How Did I Go This Long Without UberX in My Life?

The PPA might be cracking down on the popular ride-share service, but, puppies or no, it's exactly what we need.

As is the case with most things that involve my phone, I was late to the UberX game.

It’s not that I didn’t have a use for the popular ride-share service. Since moving to Queen Village, I’ve taken to calling a cab for everything that doesn’t warrant giving up my parking space — which is to say, well, everything. And although I’ve always found Philly’s cab drivers to be somewhere between pleasant-enough and unlikely-to-wear-my-face, I don’t necessarily have an attachment to them, either.

It’s just that when you’re working with a rusty iPhone 4 that has bravely decided to stay by your side, you think twice before downloading new apps. Or running risky updates. Or removing the duct tape.

But last Thursday, Uber was delivering adoptable puppies as a fundraiser for the PSPCA. The time to hesitate was through. 

Unfortunately, the cars full of puppies booked up fast because they were cars full of puppies. But I decided to try the app on the way home from work anyway — and while, yes, it would have been better with some fluffy little passengers, it was still pretty great.

From what I understand, UberX was better when it first debuted in Philadelphia last fall. And unfortunately for drivers, it isn’t exactly the get-rich-quick gig that the company initially advertised. (You should click that last link if you want an in-depth look at the Uber business model. I’ll be providing no such thing here — although we might circle back to the puppies.) That said, if there’s a better way to get around this place on four wheels, I haven’t found it.

Including tip, my ride home from work last Thursday was under $11, which is less than half of what I’d pay in a traditional cab. (And yes, about five times as much as it would have cost to take SEPTA — I’m aware, and I’m also lazy.) On Friday night, a lovely aspiring actor dropped me off in Center City for less than the cost of a parking meter. After he realized I was on my way to a wedding, my Saturday night driver put up the windows, blasted the air conditioning and offered me a courtesy basket stocked with tissues, gum and hair spray. Only my mom would have provided better service, and she’d have thrown in a back-handed compliment about my shoes with that Dentyne Ice.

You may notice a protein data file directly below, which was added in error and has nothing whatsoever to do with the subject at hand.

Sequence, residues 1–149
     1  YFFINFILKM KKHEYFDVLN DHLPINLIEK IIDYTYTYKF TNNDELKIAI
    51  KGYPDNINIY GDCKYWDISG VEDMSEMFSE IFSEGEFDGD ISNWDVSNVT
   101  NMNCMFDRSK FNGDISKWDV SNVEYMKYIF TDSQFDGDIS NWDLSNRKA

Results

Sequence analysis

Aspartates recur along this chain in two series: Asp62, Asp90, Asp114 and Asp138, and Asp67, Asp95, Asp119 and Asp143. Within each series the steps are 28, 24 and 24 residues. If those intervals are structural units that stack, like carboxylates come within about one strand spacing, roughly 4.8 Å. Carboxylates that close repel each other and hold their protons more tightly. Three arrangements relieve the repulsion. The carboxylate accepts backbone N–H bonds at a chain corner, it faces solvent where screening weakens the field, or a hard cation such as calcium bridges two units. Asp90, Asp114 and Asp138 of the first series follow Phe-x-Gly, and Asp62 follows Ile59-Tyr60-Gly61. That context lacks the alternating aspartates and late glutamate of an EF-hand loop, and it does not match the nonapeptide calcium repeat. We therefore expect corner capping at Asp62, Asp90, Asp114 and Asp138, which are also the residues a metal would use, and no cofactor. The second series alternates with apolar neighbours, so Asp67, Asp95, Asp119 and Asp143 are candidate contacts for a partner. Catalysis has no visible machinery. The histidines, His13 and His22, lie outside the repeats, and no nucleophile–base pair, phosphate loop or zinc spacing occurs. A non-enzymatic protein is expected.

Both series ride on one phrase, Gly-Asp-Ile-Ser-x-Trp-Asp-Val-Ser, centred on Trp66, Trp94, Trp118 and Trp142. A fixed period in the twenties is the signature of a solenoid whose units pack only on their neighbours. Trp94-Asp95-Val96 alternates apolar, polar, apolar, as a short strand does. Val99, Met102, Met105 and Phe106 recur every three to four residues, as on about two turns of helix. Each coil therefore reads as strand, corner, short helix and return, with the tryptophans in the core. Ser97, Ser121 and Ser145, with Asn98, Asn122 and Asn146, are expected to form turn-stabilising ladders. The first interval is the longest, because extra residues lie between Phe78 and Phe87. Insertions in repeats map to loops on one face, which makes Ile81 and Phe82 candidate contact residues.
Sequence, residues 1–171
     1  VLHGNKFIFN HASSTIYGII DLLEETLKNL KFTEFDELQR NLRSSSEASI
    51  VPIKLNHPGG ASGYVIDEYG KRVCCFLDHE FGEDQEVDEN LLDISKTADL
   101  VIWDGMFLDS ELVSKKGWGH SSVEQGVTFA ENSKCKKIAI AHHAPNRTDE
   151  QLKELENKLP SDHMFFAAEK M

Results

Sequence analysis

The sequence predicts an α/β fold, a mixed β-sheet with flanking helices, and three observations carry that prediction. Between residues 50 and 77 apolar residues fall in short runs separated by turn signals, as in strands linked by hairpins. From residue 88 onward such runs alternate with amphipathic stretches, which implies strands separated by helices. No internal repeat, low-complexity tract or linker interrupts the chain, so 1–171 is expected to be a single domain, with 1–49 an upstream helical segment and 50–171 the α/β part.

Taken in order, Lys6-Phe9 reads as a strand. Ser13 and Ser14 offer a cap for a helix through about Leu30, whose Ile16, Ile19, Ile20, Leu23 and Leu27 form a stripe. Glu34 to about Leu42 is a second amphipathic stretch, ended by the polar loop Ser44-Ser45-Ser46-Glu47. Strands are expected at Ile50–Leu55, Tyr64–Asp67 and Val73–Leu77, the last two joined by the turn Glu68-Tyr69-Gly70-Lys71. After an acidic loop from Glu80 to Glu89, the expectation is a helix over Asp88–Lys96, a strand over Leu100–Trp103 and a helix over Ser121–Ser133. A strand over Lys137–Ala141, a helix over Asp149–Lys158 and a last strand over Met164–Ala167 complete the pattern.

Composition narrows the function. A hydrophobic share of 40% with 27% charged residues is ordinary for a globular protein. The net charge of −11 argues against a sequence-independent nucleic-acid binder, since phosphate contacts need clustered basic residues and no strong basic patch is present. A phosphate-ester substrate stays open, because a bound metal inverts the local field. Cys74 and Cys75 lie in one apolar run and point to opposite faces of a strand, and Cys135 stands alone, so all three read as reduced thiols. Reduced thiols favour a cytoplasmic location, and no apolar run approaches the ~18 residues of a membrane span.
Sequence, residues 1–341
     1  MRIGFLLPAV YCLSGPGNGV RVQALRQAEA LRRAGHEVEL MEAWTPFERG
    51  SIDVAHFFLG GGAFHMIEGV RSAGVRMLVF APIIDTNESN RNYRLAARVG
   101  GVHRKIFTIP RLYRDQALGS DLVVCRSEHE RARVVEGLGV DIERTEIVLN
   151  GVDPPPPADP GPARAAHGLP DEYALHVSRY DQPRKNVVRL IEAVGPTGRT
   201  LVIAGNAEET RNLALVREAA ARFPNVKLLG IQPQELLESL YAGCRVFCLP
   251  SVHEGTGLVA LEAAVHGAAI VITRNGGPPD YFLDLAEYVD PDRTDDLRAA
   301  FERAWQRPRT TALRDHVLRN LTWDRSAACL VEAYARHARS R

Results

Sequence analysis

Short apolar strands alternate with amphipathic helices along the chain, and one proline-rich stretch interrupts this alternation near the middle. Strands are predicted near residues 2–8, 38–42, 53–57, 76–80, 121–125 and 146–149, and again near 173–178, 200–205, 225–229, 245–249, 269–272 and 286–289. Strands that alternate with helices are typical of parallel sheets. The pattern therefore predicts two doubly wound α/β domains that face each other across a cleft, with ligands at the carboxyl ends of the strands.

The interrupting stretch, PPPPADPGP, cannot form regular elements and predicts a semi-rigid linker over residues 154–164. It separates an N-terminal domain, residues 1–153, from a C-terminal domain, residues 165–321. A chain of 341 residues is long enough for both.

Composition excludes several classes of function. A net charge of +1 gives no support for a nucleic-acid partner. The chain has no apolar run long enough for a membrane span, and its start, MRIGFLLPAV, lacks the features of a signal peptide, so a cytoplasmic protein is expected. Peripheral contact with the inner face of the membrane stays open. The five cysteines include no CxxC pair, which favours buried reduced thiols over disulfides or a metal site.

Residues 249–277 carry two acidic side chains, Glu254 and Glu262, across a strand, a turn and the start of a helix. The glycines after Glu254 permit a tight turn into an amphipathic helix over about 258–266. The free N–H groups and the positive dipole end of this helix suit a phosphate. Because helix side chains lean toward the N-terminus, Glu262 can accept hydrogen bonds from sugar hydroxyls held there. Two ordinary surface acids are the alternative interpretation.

Unfortunately, it looks like my love affair with Uber could be brief. Although legal nearly everywhere else in Pennsylvania, it’s considered a hack-cab operation in Philadelphia and has racked up $300,000 in fines over the past 10 months. Uber claims it has no plans to stop service, even as the PPA has cracked down and impounded more than 50 cars citing safety concerns. (It should be noted that an UberX driver was charged with rape last month – but it should also be noted that the same man was registered as a cab driver with the PPA.)

Introduced last week, legislation is in the works to regulate and secure Uber and similar ride-sharing services. While Senator Camera Bartolotta has a reassuring, can-do Leslie Knope-ness look about her, I’m not so sure. Maybe I’ve spent too much time in this city, but I don’t have a lot of faith that Philadelphia’s delegation to the state legislature will look in the mirror and say, “Why yes, it is time to embrace a refreshing new idea that citizens and City Hall are asking for and works rather seamlessly. The PPA was getting too rich anyway.”

And I get it. I hate change more than the most backward politician in Philadelphia. I have a duct-taped iPhone 4 in my purse and, every morning, a print edition of the Inquirer hitting my doorstep. I’ve gone to the same hairdresser for the past 15 years, preferring a 45-minute drive to letting someone new touch my ears. But even I can see that evicting Uber would be a mistake.

The good news, of course, is that for as much as Philadelphia’s Harrisburg delegation may like maintaining the status quo, as we learned from the infamous abandoned sting, they can be, ahem, persuadable. And Uber has cars full of puppies.

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